Christy Wampole (Christy Wampole)

"Comment sections are brilliant and extremely relevant": Christy Wampole on the awfulness of Facebook, the utility of "think pieces" and why you might be reading the Internet all wrong

Salon speaks with the essayist about her new collection, "The Other Serious: Essays for a New American Generation"


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Michele Filgate
July 29, 2015 3:00AM (UTC)

In Christy Wampole’s debut essay collection, "The Other Serious: Essays for the New American Generation," the Princeton University professor addresses many topics, including attention spans and awkwardness. “The true Renaissance person is endowed with panoramic attention,” she writes in the essay “On Distraction.” “The habit of noticing the ensemble of everything and its constituent parts is a matter of will, not of innate aptitude. It involves the conscious noticing of things and the gaps that separate and connect them.”

It’s fortunate, then, that Wampole is blessed with the ability of not only noticing, but commenting on “the ensemble of everything.” Her astute cultural criticism brings new light to topics I find myself obsessed with. I interviewed her over email about her engaging book.

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In the introduction, you write: "Essays are barometers of the intellect. We are all atmospheric creatures, influenced by the cultural weather around us; the essayist takes it as her role to say something about the way the atmosphere plays upon a person and exerts pressure on the mind and its bearing." Something I'm always curious about, as a fellow essayist: What gave you the confidence to become an essayist? I feel like it takes a certain amount of belief in your opinions and your personal voice to set your arguments on the page. Have you ever struggled with that, or has that always come naturally to you?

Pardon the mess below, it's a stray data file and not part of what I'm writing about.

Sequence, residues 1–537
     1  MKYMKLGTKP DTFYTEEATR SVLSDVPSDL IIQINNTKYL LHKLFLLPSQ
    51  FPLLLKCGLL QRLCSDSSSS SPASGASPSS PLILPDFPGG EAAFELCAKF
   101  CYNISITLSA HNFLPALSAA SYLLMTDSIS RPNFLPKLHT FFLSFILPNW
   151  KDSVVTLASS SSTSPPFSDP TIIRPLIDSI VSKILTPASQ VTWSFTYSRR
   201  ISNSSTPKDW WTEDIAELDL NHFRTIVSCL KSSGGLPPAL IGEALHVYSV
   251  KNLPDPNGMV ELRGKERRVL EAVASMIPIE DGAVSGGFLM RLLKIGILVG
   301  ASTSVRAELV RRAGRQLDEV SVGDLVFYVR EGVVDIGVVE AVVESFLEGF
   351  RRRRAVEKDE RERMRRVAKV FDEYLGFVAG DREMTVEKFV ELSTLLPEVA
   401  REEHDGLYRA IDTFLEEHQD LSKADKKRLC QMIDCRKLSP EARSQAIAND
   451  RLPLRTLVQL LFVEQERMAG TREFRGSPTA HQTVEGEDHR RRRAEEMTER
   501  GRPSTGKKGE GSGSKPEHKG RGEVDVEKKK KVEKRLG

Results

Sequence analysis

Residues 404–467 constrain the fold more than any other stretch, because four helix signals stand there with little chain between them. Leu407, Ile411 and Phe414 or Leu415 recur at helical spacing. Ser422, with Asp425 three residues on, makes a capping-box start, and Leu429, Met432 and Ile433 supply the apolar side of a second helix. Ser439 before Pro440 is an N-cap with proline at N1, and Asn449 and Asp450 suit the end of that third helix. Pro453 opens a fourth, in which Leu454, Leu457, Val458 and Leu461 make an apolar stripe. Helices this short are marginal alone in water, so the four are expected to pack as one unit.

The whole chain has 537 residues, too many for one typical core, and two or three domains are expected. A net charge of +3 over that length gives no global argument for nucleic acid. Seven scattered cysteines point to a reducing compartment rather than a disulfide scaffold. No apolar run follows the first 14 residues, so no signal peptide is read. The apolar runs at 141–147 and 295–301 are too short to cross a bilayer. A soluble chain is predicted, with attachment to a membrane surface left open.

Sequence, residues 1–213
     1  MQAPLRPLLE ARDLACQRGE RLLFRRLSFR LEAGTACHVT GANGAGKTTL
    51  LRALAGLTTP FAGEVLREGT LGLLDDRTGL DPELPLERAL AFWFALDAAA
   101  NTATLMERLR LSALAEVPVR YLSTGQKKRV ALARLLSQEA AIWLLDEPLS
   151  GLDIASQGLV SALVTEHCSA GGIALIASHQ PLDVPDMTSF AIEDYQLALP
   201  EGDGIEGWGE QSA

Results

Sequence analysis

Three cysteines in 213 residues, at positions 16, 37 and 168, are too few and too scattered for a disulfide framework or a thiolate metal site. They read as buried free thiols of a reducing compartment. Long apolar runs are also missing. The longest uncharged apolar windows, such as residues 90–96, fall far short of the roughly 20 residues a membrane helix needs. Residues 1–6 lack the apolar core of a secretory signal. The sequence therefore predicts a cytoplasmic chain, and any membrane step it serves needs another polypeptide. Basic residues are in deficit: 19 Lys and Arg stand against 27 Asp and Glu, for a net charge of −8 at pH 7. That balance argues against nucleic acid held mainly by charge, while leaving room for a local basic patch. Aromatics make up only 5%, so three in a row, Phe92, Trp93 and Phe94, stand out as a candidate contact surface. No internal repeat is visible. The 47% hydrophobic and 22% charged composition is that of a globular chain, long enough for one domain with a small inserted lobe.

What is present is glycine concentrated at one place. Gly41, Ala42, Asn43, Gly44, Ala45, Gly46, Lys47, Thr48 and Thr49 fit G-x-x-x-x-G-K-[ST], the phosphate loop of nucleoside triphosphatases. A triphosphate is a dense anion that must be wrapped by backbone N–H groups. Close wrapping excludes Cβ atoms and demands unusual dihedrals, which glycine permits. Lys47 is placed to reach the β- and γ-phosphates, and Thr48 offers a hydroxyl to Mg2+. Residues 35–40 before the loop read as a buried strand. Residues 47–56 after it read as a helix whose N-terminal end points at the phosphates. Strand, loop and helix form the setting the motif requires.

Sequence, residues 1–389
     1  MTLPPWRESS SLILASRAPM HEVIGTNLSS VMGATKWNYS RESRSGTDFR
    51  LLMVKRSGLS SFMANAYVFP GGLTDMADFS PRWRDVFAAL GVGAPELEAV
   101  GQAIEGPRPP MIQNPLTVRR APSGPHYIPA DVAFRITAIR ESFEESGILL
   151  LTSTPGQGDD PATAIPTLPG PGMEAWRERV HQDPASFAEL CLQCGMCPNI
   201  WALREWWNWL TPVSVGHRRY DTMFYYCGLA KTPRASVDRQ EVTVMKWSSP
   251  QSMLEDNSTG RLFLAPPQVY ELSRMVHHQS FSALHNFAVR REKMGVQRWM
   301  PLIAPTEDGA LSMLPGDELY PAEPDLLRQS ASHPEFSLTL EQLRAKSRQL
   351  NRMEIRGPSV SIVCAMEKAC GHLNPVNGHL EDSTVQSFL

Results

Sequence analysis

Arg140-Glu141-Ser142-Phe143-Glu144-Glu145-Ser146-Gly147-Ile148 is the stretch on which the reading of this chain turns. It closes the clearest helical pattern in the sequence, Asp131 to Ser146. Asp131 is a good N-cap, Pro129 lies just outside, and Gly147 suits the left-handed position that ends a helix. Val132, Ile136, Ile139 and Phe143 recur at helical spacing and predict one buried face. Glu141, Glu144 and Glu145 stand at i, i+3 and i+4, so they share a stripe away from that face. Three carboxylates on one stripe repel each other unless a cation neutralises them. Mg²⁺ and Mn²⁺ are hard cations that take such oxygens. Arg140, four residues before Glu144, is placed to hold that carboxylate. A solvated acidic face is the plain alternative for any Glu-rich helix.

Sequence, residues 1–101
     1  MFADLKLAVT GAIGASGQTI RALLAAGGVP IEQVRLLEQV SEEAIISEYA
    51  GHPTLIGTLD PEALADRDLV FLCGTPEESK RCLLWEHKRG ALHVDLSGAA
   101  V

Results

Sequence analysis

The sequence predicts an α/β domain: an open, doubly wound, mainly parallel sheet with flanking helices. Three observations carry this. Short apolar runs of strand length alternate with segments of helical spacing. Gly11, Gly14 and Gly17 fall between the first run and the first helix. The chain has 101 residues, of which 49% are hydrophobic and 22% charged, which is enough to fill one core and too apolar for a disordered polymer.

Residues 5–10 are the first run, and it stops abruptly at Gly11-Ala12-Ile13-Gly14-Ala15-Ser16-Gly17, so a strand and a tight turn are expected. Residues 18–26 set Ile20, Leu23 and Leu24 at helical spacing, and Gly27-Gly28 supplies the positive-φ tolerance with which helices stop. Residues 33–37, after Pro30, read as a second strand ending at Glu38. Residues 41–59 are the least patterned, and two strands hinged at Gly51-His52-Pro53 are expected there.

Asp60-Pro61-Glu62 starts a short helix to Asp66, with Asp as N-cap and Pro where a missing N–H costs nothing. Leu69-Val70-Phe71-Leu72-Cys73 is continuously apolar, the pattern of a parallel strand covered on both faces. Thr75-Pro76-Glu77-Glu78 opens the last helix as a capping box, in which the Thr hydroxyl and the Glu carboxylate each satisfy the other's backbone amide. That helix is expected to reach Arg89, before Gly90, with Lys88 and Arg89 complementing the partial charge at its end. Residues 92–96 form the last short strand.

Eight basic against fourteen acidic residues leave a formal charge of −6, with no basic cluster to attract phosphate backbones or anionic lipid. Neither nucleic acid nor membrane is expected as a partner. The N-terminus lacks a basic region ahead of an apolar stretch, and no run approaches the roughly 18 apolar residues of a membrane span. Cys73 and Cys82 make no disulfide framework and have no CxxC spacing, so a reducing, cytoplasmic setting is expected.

I started to write essays because the form allows you to vent those thoughts that have no other outlet. For me, the diary entry, the short story, or the poem just didn’t cut it because they seemed to lack a certain reflective element that I believe to be the core of the essay genre. Essay writing has been for me a matter of necessity and, in some ways, therapy. I’ve written so many essays that will never see the light of day, crafted purely for myself. I’ve come to the conclusion that thoughts not put down in writing might as well never have been thought.

Regarding those essays that do make their way to the public, it isn’t that I think my opinions are worth more than someone else’s; it’s that I believe everyone should be essaying all the time and I’m simply doing my part in what I wish were a universal project. Sadly, the essays that I’d love to read most are never written down because the people who don’t write them feel they don’t have the right to say anything. The essay is a democratic, generous form and I wish more people would accept what it offers. In the future, I’d love to do some workshops or courses on essay writing, especially for those who typically shy away from this kind of expression.

What do you think those ideal essays, the ones that are never written down, would be about?